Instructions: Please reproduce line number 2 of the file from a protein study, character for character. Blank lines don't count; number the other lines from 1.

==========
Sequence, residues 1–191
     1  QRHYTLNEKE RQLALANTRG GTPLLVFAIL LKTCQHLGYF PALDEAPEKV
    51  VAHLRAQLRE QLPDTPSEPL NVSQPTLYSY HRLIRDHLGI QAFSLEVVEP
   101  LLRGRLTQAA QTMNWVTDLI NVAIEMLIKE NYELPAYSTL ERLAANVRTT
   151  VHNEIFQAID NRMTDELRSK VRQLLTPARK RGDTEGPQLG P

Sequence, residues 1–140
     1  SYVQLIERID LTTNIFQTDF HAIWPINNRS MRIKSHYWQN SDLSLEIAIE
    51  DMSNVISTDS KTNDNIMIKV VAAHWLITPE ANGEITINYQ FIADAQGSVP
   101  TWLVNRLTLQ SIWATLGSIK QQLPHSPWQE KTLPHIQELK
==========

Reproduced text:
     1  QRHYTLNEKE RQLALANTRG GTPLLVFAIL LKTCQHLGYF PALDEAPEKV